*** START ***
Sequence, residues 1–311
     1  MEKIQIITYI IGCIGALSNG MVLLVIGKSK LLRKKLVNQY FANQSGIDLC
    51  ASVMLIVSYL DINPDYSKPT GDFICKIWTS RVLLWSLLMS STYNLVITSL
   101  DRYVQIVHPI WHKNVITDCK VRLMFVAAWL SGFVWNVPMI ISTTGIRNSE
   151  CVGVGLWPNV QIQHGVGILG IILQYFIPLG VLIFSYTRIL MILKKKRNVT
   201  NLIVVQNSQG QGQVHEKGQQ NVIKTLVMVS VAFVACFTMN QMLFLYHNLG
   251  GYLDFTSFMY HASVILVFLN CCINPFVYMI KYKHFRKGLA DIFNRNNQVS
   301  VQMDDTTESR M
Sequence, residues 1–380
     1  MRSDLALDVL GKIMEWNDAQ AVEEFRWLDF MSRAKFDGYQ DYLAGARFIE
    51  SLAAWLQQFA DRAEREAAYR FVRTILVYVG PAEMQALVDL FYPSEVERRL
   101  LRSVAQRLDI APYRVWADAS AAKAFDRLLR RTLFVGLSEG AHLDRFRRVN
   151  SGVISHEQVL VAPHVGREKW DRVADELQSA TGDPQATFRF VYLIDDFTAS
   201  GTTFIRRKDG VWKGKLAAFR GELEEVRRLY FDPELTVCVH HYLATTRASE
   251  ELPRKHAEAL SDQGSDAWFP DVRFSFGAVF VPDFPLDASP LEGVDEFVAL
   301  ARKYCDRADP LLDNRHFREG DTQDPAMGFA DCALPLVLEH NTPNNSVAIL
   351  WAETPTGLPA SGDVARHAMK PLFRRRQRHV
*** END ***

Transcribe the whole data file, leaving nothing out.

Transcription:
Sequence, residues 1–311
     1  MEKIQIITYI IGCIGALSNG MVLLVIGKSK LLRKKLVNQY FANQSGIDLC
    51  ASVMLIVSYL DINPDYSKPT GDFICKIWTS RVLLWSLLMS STYNLVITSL
   101  DRYVQIVHPI WHKNVITDCK VRLMFVAAWL SGFVWNVPMI ISTTGIRNSE
   151  CVGVGLWPNV QIQHGVGILG IILQYFIPLG VLIFSYTRIL MILKKKRNVT
   201  NLIVVQNSQG QGQVHEKGQQ NVIKTLVMVS VAFVACFTMN QMLFLYHNLG
   251  GYLDFTSFMY HASVILVFLN CCINPFVYMI KYKHFRKGLA DIFNRNNQVS
   301  VQMDDTTESR M
Sequence, residues 1–380
     1  MRSDLALDVL GKIMEWNDAQ AVEEFRWLDF MSRAKFDGYQ DYLAGARFIE
    51  SLAAWLQQFA DRAEREAAYR FVRTILVYVG PAEMQALVDL FYPSEVERRL
   101  LRSVAQRLDI APYRVWADAS AAKAFDRLLR RTLFVGLSEG AHLDRFRRVN
   151  SGVISHEQVL VAPHVGREKW DRVADELQSA TGDPQATFRF VYLIDDFTAS
   201  GTTFIRRKDG VWKGKLAAFR GELEEVRRLY FDPELTVCVH HYLATTRASE
   251  ELPRKHAEAL SDQGSDAWFP DVRFSFGAVF VPDFPLDASP LEGVDEFVAL
   301  ARKYCDRADP LLDNRHFREG DTQDPAMGFA DCALPLVLEH NTPNNSVAIL
   351  WAETPTGLPA SGDVARHAMK PLFRRRQRHV